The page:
I’ve given myself one year to master the violin.

As an adult beginner, I should be playing Twinkle Twinkle; instead, I'm playing Paganini's 24th caprice.

What do you expect…perfection?

Because you’re certainly not going to get it.  But at least I have another variation memorized, albeit slowly.  As in, I play it slowly, but hey–I’m not exactly going for perfection here.

I’m sort of in a box-checking mode right now.  I need to get these variations down and in the books.  It’s kind of like Iron Chef.  Have you seen this show?  Two chefs compete over 1 hour to create 5 dishes of a meal that all focus on a central ingredient that’s exposed right before the match.  The chefs have to plate each dish during the hour, so as you can imagine, you can’t plate the dishes soon enough.  That’s how I feel – I can’t plate these variations soon enough.  If they’re not great, I can always go back, but let’s get them learned!

With that spirit, here’s the entire variation 7:

I slow down a bit at the end, but it’s getting better.  Hopefully I’ll have this one faster and a little bit of variation 8 down.

So it’s 12:43am right now as I write this on Sunday morning.  All day Saturday was spent grading my students’ 74 pre-calculus exams and I’m pretty exhausted.  It’s funny; grading tests like this can be so frustrating when they mess up stuff we specifically talked about.  I can tell so easily which students studied and which didn’t.  On that note though, as some may disappoint me, others make me proud.  This is, of course, the same as many of Danielle’s students and the way they make her feel at times.  As I progress with this little project, I’m trying harder and harder to make her proud.

3 Comments on “What do you expect…perfection?”

  1. JRV says:

    RRV — That’s how it is with my students as well — with time you will recognize the active students as opposed to the passive students — on the first day of class! But it really shows up on exams or papers or in violin pieces played in lessons — and you’re right about it being incredulous in that certain students don’t give a diddly-do-wa — how could they ever be that way in the classes we teach and in the areas we really focus on? It happens though, and happens often for a variety of reasons that we’ll never know anything about. But you’re right again about that feeling of pride for the students who are really applying themselves. Case in point: One day I went by the department to pick up my mail, and one of my students was there at the front desk — filling out the paperwork to change her major to English — I was blown away — she said it was because of the class she had taken with me — I thought: WOW. A couple years later she came back and asked me for a recommendation for a Master’s program at Chapman U. Utterly amazing. She’s probably working on a PhD by now. We fly because of some students — and are truly blessed because of them — and then with others we’re forever grounded — but we persevere anyway — because it’s worth it in the long run — 🙂 — When we can be the one to be the active and focused learner in any given area, we are able to imagine what our teachers and professors must be experiencing, which in my mind equals the fuel we need to succeed, excel, and to lift off toward the heavens!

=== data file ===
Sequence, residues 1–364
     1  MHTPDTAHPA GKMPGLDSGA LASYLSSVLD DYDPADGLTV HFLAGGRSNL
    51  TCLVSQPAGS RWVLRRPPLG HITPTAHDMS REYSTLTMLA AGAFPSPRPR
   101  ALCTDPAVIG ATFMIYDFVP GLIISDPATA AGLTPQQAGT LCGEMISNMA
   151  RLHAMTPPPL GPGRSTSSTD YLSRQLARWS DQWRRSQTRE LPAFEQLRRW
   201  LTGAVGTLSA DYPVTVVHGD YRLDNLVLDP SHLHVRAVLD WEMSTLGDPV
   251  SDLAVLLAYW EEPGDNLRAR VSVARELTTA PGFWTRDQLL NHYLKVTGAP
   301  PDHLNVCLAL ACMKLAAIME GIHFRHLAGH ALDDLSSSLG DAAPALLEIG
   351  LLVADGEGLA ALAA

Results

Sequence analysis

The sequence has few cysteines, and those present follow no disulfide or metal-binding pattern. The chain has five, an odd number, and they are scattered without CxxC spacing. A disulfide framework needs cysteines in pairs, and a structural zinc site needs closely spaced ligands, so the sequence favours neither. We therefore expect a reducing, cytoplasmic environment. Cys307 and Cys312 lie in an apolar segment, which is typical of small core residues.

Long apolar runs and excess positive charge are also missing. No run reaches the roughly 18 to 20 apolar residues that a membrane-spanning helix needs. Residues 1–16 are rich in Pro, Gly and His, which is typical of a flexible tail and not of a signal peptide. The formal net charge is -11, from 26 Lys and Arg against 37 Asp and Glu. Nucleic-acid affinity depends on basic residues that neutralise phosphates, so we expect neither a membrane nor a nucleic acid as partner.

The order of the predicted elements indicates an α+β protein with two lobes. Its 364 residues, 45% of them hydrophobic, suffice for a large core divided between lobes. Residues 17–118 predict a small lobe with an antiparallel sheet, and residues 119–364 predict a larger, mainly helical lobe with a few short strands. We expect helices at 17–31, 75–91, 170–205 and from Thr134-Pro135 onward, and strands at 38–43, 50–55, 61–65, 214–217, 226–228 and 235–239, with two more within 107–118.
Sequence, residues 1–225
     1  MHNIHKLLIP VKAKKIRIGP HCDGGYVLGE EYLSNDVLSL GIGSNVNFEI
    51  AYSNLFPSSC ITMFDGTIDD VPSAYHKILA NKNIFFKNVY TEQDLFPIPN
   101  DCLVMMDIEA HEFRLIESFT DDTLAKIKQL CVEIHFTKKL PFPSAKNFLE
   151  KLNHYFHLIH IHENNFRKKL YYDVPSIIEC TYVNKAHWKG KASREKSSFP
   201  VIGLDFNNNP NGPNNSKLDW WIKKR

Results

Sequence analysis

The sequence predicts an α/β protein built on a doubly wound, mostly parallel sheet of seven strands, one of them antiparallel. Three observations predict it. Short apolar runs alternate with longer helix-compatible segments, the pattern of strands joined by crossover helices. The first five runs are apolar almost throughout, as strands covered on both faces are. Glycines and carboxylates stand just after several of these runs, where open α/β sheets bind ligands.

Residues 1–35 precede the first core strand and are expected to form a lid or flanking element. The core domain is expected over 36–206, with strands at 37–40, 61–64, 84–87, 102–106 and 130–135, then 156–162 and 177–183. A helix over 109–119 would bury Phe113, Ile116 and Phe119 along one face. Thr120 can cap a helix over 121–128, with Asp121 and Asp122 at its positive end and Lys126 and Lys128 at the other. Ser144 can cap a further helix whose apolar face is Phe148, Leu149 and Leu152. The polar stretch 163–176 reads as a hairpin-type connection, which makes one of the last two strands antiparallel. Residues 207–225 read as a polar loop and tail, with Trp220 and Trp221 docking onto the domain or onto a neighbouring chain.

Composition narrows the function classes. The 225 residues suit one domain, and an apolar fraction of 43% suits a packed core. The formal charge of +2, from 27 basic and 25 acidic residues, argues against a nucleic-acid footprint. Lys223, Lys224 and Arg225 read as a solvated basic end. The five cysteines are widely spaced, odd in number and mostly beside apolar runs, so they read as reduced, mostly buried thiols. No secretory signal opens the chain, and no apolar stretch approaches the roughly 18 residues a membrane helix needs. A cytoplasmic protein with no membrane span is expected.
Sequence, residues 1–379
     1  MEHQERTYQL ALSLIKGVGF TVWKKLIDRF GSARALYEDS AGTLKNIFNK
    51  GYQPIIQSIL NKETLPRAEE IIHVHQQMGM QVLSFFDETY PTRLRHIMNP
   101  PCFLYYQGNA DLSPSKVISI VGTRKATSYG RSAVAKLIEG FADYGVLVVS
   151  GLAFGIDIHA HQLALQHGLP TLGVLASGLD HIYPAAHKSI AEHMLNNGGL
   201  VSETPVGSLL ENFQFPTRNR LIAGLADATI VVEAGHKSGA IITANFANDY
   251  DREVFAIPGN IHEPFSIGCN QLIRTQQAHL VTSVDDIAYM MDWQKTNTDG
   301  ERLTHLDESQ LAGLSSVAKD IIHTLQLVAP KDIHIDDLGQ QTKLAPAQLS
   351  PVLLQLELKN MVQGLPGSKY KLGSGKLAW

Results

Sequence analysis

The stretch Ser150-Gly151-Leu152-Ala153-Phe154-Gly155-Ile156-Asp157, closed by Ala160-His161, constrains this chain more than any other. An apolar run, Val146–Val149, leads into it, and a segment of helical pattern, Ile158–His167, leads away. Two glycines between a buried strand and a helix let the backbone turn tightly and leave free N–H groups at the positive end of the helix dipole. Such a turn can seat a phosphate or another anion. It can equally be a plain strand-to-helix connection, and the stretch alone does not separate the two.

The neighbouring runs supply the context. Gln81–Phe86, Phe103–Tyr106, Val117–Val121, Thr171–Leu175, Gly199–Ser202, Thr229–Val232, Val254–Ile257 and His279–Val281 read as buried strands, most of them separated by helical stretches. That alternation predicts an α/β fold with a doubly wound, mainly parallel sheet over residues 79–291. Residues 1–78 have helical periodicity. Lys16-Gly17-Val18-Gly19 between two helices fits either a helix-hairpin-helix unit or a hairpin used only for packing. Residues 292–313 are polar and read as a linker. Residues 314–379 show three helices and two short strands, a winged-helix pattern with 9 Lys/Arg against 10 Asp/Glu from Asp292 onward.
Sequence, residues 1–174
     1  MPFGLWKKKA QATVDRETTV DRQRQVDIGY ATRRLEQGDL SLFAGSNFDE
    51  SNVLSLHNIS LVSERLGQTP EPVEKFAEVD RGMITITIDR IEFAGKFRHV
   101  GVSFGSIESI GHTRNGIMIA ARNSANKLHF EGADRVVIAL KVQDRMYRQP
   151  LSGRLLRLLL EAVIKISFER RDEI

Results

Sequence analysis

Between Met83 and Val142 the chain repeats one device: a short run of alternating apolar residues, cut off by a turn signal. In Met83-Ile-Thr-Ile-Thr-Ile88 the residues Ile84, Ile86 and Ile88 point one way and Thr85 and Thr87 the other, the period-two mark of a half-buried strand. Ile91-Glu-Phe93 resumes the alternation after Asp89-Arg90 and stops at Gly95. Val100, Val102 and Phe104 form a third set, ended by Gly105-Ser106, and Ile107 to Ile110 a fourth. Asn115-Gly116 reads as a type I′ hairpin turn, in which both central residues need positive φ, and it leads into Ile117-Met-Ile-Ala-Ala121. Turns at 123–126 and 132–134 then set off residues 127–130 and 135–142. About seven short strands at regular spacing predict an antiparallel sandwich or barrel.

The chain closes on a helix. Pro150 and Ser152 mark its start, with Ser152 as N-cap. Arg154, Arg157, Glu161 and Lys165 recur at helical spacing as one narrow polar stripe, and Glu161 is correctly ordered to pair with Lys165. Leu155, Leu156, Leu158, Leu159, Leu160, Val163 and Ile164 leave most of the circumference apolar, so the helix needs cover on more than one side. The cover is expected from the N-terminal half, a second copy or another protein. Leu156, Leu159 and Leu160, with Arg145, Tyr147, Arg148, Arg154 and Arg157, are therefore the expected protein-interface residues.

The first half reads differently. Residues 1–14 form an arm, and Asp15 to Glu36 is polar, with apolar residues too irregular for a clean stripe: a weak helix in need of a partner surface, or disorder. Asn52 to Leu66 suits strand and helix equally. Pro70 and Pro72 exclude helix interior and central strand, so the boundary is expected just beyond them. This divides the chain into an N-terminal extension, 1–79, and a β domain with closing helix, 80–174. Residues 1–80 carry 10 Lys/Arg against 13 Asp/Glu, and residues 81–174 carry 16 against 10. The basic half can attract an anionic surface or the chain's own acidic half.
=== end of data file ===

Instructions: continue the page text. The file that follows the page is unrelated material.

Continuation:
You are doing such an awesomely wonderful job at becoming a musician —

    • rrvaughn says:

      Thanks for sharing that story, you should definiely be proud of inspiring someone in that way! Being both a teacher and a student at the same time right now, I’m getting a very complete and well-rounded immersion in the whole cycle of the learning process, as frustrating as it is on both ends sometimes….

  2. Bart Meijer says:

    Yes, perfection. What else?

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